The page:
I watch pals strain themselves seeking and delving into “primary sources.” Like a quest for the Holy Grail, we all want to find that one reaffirming piece of historic data that seals the historic deal, absolutely.  These should be the pictures or accounts of those who lived a historical era/experience that occurred to them in the very recent tense and recorded soon after.  They are only primary because they wrote the account down or recorded history as it happened. This can also be a painting, drawing, photo, or other media that accurately captures the occurrence.

“Secondary,” indicates it was either relayed to the person recording the information second hand close to the time of occurrence, or the person lived it at a previous date and recorded or rendered it from recollection.  As far as tertiary goes, it has very little weight in my research but can still be valid. Basically, these would be summation of others research synthesized into major themes. That being said, don’t take my word here either, as this too you would be considered “tertiary.” In other words, just because you read someone’s book, doesn’t mean it was interpreted authentically.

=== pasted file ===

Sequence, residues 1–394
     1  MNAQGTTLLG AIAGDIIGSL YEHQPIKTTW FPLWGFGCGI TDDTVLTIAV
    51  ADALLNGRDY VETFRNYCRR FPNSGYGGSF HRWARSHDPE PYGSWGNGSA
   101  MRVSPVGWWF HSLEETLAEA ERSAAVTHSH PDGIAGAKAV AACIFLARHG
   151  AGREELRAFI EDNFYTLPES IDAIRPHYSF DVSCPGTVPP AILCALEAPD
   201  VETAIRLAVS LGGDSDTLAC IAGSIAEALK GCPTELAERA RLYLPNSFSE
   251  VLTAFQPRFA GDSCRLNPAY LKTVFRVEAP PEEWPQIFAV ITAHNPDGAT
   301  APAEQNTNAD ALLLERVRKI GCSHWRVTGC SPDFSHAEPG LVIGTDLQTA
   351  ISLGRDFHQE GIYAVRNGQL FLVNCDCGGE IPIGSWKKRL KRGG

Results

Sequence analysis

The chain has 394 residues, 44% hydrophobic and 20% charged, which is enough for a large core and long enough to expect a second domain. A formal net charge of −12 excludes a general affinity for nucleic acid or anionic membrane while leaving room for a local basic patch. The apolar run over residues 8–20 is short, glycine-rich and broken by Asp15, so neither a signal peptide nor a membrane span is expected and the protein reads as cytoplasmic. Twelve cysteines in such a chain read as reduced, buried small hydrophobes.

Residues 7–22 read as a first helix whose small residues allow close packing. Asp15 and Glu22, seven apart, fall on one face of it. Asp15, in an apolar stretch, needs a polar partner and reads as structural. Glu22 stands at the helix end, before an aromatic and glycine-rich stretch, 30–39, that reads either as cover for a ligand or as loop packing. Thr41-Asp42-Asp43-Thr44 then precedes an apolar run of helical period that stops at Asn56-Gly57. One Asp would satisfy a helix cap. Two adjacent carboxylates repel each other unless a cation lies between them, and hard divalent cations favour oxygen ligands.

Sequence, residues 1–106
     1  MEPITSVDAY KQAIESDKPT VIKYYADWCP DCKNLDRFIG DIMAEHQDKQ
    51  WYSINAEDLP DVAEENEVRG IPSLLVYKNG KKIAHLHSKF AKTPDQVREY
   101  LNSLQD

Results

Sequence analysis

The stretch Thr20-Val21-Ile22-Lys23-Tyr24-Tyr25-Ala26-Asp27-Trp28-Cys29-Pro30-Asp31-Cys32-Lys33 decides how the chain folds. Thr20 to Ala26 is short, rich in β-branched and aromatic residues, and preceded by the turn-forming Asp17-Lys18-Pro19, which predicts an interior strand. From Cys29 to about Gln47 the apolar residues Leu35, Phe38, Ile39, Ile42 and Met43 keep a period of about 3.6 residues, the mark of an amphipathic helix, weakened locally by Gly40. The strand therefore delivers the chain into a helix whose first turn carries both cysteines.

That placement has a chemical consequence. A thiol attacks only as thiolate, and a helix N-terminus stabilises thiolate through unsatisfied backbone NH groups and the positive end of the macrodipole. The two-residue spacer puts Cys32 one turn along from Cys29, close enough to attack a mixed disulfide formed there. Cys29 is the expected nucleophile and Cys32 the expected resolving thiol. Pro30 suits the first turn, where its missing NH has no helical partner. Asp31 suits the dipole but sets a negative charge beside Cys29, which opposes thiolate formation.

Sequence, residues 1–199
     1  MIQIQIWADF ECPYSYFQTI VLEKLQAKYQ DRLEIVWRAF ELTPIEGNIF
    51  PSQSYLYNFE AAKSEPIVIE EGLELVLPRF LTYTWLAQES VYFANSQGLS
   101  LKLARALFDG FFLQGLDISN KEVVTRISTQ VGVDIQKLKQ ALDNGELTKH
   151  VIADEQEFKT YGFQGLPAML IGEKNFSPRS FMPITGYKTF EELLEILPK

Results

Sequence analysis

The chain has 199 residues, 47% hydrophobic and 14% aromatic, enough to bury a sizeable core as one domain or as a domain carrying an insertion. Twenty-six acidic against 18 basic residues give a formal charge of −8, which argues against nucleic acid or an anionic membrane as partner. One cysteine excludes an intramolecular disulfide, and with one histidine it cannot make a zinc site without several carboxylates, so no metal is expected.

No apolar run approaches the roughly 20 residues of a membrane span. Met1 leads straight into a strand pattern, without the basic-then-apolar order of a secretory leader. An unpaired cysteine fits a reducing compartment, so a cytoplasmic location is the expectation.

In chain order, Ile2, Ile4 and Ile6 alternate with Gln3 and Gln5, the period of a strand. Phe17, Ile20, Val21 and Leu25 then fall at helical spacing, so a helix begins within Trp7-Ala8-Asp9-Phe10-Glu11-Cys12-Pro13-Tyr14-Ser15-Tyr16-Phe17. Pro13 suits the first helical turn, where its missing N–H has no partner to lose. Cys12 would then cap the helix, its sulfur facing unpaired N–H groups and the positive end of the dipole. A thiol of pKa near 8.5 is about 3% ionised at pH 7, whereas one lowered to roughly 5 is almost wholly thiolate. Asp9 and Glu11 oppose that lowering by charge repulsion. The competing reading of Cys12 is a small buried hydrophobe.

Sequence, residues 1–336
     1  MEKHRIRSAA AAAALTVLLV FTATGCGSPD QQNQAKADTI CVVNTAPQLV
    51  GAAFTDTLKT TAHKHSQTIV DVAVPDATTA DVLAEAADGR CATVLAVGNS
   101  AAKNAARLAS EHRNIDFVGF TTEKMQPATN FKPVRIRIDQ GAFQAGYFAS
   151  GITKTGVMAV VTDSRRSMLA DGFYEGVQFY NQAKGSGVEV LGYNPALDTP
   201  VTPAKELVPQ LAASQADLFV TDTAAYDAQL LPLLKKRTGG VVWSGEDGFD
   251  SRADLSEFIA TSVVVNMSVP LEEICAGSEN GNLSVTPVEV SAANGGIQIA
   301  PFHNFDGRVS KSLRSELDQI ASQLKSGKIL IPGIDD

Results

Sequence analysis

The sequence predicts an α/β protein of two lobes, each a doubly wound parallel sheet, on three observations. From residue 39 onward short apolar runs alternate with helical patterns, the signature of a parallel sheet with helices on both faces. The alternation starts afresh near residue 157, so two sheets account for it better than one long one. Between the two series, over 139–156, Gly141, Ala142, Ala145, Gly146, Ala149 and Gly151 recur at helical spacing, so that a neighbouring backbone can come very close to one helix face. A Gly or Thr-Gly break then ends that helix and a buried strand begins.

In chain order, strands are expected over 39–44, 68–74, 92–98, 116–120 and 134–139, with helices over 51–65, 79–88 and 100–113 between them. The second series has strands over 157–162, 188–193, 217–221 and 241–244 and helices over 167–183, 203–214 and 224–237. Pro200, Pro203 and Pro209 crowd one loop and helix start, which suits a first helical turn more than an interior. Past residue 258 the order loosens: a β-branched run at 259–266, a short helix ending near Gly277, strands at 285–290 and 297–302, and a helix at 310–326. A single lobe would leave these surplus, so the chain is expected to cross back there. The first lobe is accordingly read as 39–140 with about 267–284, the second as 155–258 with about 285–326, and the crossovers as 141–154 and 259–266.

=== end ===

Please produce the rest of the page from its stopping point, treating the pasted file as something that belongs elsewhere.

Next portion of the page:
For a long time now, I have wondered about the hooded hats and pointy head coverings depicted by Alfred Jacob Miller in his field paintings.  While I have no doubt they existed, I would wonder why very few artists depicted them on anyone but native people besides Miller. Where are the artifact equivalents in the dusty collections of museums?  How is it that the brigade of trappers newly headed to the summer rendezvous need to make hats when they recently left Missouri resupplied?